One of the most outstanding cases of excellence in Tracking can be related to Aborigenal Trackers, becoming legendary to the minds and eyes of the White People, whose first Colonies started established in the Isle in 1788. To them, Aboriginal Trackers did have such an inner, magic, misty power: they are able to follow a quarry just simply reading signs n the terrain. They developed this skill, as Boshimani, due to the necessity of gathering edible plants, hunting and survival of their tribal community. They handed down from their fathers to their children Tracking Art.
To speak easily, Aboriginal Trackers are able to track everything or everyone who passed through their lands: the knowledge of their environment translated herself into the reading of minuscule signs between the bushes, on sands and dry areas.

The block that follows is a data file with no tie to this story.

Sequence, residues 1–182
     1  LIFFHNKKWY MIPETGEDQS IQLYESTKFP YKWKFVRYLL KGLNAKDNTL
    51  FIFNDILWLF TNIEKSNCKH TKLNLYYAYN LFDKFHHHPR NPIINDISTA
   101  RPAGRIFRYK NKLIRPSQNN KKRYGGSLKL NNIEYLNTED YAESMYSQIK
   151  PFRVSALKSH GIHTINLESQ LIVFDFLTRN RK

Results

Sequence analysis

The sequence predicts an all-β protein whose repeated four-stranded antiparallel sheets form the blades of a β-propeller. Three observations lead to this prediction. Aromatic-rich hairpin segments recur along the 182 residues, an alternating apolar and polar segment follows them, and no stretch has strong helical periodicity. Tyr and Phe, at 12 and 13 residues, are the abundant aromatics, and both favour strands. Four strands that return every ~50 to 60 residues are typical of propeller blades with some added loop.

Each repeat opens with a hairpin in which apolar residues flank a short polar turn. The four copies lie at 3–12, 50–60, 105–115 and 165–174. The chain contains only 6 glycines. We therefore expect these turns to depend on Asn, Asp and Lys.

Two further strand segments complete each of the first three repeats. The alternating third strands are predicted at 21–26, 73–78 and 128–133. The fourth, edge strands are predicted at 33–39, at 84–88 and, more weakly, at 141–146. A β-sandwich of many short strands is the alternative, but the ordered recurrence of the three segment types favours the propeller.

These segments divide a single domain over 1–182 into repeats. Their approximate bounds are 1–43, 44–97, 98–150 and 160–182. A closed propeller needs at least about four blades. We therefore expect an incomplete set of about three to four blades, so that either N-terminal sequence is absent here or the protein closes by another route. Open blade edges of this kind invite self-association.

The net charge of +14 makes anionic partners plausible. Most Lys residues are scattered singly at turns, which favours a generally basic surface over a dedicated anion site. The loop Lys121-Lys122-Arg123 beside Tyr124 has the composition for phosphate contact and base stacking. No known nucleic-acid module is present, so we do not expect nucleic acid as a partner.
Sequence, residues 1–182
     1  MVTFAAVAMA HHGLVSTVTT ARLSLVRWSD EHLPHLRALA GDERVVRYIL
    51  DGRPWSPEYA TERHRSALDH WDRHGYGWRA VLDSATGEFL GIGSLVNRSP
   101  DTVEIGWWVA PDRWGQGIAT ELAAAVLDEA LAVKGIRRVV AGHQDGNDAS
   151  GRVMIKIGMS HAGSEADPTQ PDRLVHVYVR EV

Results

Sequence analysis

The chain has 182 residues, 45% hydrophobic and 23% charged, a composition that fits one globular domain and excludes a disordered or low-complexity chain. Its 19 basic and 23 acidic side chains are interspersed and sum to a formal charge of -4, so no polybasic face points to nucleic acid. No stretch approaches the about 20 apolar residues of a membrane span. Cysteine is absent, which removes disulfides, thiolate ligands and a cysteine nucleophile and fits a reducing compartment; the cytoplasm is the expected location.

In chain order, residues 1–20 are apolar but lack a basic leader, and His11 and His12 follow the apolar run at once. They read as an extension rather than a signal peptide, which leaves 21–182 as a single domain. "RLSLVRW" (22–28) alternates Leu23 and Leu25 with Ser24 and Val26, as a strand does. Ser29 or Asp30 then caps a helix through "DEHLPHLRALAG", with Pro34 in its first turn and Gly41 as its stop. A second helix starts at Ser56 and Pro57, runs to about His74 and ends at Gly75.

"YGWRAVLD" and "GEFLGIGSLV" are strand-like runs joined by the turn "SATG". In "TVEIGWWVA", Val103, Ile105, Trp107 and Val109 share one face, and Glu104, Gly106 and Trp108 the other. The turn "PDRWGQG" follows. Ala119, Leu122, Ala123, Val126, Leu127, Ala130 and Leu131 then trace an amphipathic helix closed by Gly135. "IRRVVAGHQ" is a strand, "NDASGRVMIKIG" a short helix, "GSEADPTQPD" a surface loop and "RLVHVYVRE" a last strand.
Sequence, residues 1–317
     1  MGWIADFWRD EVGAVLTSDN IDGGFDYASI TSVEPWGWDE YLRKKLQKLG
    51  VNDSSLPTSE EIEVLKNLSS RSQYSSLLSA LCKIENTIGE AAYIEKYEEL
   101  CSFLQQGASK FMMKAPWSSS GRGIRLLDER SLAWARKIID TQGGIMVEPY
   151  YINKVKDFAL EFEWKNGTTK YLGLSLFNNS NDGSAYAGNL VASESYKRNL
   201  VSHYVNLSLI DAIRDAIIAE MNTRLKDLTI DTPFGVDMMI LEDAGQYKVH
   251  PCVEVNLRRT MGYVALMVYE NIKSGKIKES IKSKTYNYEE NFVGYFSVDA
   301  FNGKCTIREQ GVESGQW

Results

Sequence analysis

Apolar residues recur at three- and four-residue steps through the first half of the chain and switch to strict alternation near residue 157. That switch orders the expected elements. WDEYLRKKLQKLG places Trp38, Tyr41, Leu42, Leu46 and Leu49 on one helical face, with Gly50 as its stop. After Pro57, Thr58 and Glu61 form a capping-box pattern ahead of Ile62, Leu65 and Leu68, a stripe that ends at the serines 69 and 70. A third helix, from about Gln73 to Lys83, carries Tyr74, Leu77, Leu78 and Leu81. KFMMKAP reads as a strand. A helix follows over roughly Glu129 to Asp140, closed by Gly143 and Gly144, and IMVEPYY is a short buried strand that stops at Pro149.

Due to their Tracking abilities, they started to be employed by Police and Australian Army in the research of missing people.
First case ever occurred in 1834, in Fremantle (Western Austrialia) where two trackers, named Mogo and Mollydobbin, managed to track missing five-year-old boy in such a arid and harsh country for more than ten hours. Thanks to their Tracking ability, the little boy could get back home sound and safe. Thrirty years later, the Duff Children were tracked and found in the Victorian Wimmera, after being lost for nine days under a continuuos, heavy rain. The “black Trackers” managed to bring them home.